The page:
But if you look more closely, you see that this is not true. The table isn’t one uniform color. If this was true it would look flat and two dimensional. It has a variety of shades, tones, and even various colors reflecting off in different lights. Perhaps it is a wood table, and has complex textures and grains. Maybe another object in the room, of a different color, is creating a reflection in the table. Look again, and you see a rich variety of colors, not a single one.

And aside from color, I could ask what shape the table is. A square with four legs, you might respond. But if you look again, what you see is probably more like a stretched parallelogram with various extensions. Most likely you can only see a couple legs. Four legs exist only in your memory and interpretation. And if you walk around the table, at every moment, the shape that you see changes.

This changing shape is much more true. It is unique, based on your current experience. To describe it in words would most likely fill a novel. Even so, it is difficult to convey with words, as words themselves communicate through the learned meaning attached to them. Over time you come to understand meaning in words, but this meaning is built up of your past experiences. Specific connotations of words and phrases can vary significantly from person to person, especially between cultures, so words themselves are not even constant between people.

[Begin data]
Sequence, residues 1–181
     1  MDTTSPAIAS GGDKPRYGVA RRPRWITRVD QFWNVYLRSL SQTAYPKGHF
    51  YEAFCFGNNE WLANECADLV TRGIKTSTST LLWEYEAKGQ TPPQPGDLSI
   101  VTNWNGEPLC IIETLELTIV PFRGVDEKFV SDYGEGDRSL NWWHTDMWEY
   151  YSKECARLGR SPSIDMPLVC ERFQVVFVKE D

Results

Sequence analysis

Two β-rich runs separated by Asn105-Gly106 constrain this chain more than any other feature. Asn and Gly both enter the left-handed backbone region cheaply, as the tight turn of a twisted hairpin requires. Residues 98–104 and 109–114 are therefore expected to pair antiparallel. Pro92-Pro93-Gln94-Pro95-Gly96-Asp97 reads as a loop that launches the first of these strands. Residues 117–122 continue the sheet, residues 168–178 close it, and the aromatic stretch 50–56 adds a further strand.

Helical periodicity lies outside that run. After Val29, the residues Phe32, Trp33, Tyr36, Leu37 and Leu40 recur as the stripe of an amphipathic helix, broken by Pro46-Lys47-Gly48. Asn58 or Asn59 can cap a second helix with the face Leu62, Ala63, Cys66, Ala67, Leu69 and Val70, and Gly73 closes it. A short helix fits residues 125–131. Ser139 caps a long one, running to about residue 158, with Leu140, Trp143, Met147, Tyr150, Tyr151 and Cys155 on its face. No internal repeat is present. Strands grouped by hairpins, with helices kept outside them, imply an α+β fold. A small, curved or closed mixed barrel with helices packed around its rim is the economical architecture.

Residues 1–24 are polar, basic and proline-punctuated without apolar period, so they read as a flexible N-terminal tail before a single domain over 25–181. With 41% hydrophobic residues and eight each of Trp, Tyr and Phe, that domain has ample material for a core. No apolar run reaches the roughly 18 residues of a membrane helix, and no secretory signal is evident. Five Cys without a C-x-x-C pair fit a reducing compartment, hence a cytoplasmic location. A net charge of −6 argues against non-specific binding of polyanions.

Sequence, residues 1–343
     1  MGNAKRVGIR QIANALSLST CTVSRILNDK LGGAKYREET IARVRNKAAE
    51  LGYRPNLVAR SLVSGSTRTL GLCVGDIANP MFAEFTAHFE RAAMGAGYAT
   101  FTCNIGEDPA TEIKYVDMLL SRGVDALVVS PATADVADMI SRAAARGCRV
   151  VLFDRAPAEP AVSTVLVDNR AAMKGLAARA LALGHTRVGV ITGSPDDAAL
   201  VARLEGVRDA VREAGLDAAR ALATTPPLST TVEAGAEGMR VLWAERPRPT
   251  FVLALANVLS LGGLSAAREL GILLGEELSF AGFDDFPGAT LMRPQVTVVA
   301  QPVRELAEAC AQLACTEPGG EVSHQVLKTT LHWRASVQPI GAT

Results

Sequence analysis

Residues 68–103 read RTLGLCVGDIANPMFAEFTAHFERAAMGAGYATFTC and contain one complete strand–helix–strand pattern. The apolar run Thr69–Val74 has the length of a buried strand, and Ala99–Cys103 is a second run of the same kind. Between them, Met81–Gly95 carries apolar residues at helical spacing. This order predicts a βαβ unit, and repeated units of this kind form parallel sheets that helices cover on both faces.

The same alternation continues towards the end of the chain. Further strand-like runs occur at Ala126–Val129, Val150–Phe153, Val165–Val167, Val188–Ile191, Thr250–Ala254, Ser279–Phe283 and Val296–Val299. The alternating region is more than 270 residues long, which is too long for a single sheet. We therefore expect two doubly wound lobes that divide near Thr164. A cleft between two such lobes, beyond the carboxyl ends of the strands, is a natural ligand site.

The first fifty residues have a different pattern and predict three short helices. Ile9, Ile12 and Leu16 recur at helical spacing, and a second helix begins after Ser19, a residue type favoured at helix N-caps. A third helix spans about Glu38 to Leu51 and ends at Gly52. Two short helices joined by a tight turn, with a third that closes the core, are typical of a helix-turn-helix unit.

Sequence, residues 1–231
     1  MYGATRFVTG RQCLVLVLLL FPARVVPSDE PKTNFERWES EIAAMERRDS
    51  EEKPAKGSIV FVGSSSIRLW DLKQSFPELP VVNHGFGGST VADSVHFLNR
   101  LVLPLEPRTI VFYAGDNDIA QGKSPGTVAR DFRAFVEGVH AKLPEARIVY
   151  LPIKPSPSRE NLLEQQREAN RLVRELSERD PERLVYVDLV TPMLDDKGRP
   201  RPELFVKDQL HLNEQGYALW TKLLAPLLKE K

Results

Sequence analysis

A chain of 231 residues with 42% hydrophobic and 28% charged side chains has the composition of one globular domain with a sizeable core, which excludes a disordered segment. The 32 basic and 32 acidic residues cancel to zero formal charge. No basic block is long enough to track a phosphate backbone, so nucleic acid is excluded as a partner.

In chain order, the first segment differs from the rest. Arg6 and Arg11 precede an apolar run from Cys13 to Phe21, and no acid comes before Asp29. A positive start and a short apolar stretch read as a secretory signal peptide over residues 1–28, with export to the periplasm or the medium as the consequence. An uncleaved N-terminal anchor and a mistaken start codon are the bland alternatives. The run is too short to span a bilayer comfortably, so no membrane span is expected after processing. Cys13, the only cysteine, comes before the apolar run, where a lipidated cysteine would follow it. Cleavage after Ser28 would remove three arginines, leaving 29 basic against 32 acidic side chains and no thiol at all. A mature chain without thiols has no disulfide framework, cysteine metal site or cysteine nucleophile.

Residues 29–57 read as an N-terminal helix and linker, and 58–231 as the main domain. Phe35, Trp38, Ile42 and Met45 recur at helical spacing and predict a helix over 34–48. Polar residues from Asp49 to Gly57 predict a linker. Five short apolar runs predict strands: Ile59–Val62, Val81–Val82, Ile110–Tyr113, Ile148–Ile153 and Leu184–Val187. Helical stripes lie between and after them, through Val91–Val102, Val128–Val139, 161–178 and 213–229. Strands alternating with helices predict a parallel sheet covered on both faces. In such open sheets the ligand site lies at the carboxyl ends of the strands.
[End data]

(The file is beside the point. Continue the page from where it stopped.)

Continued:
So, what started as a simple table, is now a complex object, which you naturally simplify based on your historical knowledge of what a table is and how you use it. But this label of a “table” is not the truth of your experience.

If this is true of a table, how about everything else you’re thinking about during the day?

The HSBC security device

HSBC recently decided to send out security devices to all of their customers, as an extra measure of security on the website. I postponed activating it until today because I find it quite irritating to have an additional “thing” I’ve got to carry around with me and this extra step when logging into my account.